A SUPERMARKET which continues to employ illegal immigrants could lose its licence.

Best Foods on Oxford Road will be examined by Reading Borough Council at a hearing on December 12 after two illegal workers were found since January 2015.

The council's licensing team carried out a visit in September and found that staff had been selling alcohol without authorisation and the store was forced to remove all alcohol from display.

Thames Valley Police (TVP) officers were left stunned in July when they visited Best Foods and 'uncooperative staff' refused to tell them who was in charge.

Richard French, a member of the council's Licensing team, said: "The way this premises is being run is totally unacceptable and the conduct of the premises holder is ensuring that staff are trained and that licence conditions are adhered to is poor to non-existent.

"It is inconceivable that any responsible licence holder should act in this manner.

"It could not be demonstrated that any member of staff had been authorised to sell alcohol. The staff were asked to remove the alcohol from display to avoid committing offences.

"It should be noted that after the conclusion of this extremely concerning inspection in September that officers left business cards with the instruction that the DPS make contact immediately.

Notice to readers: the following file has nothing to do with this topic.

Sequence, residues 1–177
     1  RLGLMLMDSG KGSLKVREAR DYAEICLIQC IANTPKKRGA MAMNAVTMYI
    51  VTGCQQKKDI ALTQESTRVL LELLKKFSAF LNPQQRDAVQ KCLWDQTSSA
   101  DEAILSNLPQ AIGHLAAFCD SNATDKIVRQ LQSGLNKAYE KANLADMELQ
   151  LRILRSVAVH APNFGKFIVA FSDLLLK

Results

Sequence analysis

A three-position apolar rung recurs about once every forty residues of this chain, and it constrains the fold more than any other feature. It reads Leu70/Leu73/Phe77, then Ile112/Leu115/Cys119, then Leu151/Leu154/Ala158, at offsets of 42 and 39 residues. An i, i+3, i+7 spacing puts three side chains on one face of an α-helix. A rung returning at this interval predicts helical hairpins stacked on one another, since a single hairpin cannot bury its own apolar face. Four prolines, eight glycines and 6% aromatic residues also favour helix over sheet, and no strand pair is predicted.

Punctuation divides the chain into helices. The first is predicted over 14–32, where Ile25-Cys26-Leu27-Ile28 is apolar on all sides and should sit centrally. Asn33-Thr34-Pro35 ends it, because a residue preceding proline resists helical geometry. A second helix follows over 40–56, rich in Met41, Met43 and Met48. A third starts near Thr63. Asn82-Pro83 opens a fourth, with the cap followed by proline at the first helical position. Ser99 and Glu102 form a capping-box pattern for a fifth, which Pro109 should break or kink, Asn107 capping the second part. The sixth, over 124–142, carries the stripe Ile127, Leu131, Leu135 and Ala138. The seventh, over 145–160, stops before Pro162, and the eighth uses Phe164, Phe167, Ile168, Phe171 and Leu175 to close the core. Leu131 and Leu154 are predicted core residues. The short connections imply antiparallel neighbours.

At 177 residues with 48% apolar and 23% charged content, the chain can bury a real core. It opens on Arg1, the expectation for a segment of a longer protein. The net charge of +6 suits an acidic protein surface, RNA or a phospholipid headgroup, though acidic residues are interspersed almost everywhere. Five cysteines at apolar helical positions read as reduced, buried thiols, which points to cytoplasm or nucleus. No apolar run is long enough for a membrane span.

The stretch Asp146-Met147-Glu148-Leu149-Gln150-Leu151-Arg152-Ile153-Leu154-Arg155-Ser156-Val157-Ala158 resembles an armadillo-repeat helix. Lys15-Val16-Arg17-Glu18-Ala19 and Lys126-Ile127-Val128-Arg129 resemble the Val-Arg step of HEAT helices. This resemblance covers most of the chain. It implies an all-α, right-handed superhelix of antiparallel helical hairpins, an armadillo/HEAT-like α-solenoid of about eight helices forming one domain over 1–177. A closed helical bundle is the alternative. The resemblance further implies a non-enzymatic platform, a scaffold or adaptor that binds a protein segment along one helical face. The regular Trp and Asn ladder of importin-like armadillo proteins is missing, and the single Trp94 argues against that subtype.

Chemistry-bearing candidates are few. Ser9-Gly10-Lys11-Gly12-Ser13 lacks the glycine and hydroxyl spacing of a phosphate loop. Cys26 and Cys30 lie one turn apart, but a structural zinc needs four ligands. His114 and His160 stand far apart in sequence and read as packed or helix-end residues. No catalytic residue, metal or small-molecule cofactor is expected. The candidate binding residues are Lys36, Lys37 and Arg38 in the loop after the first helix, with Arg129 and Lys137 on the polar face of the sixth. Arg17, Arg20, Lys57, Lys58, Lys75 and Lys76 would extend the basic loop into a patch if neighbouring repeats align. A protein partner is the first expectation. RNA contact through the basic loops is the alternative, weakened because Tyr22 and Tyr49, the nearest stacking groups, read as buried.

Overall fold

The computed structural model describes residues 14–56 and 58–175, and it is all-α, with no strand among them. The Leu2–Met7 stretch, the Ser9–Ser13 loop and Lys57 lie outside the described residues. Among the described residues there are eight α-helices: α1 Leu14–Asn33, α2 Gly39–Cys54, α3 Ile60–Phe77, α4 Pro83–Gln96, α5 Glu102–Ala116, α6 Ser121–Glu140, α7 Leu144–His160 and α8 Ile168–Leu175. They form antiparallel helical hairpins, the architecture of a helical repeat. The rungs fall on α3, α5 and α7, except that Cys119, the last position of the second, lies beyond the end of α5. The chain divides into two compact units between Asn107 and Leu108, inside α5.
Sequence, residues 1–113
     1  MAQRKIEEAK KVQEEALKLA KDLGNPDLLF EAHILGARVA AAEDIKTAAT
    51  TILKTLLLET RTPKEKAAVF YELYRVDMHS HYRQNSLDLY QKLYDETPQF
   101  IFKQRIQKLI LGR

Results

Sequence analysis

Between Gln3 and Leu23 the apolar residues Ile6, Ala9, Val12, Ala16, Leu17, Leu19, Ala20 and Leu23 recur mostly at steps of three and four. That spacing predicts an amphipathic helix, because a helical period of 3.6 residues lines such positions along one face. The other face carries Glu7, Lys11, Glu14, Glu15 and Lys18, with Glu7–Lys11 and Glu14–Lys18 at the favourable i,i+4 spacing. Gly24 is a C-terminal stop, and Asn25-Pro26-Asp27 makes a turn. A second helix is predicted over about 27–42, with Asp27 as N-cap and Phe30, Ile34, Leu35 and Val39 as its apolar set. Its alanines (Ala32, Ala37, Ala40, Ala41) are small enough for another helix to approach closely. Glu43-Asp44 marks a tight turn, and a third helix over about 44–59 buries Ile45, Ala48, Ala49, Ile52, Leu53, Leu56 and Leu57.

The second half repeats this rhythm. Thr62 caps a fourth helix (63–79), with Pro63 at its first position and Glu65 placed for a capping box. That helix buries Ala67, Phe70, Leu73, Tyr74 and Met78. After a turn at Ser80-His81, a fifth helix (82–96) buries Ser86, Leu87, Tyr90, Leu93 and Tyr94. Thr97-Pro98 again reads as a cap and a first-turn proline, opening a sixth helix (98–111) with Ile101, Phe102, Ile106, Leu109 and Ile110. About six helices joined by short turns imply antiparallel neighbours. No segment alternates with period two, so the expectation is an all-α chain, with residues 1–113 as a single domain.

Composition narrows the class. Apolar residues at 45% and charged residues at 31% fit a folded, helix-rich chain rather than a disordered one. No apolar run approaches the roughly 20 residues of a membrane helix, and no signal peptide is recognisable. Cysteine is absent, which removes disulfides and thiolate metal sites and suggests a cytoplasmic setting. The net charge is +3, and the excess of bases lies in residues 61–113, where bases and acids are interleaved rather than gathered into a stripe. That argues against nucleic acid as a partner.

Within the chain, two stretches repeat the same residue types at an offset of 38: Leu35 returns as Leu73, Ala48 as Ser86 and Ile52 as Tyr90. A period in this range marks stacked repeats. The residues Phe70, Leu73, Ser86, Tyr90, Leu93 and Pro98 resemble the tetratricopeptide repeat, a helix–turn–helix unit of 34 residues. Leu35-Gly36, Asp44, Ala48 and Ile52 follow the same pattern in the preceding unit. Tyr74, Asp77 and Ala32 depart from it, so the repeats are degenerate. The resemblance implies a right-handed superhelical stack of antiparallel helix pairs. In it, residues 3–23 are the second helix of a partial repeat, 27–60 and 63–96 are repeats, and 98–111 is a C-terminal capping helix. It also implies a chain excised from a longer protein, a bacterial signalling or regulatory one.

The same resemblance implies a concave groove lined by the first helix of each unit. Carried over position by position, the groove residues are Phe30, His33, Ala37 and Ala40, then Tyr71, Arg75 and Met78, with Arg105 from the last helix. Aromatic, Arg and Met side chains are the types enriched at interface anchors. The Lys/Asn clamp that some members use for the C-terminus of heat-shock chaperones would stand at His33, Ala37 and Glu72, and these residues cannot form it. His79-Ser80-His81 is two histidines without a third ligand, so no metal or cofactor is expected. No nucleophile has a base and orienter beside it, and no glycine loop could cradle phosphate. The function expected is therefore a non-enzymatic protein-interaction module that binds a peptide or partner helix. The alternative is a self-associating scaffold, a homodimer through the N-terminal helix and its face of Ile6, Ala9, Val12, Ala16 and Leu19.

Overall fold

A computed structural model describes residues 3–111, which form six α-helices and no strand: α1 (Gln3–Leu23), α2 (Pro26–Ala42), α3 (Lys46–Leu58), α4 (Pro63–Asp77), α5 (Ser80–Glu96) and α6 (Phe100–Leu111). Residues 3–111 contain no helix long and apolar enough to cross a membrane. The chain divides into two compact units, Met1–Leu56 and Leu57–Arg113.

"To date, no contact has been received - therefore raising serious concerns over the suitability of the DPS to manage the premises, maintain suitable control over it or his attitude toward his responsibilities."

Immigration officers found a Sri Lankan man working at the meat counter on September 7 and he was escorted from the building and detained.

This raised concern with the authority after a different Sri Lankan male was found working in the same area in January 2015.

PC Simon Wheeler, from TVP's Licensing department, echoed the concerns of the council about the lack of cooperation at Best Foods.

He added: "During what was intended to be an informal visit it became blatantly obvious that there were serious concerns in relation to this premises and its processes with regards to the retail of alcohol.

"No staff member wished to communicate with us and we were left standing for a long period of time while attempting to identify who was in charge.'

The son of the named DPS claimed to know nothing about the licence and said his father was in Sri Lanka and had left him in charge of the shop.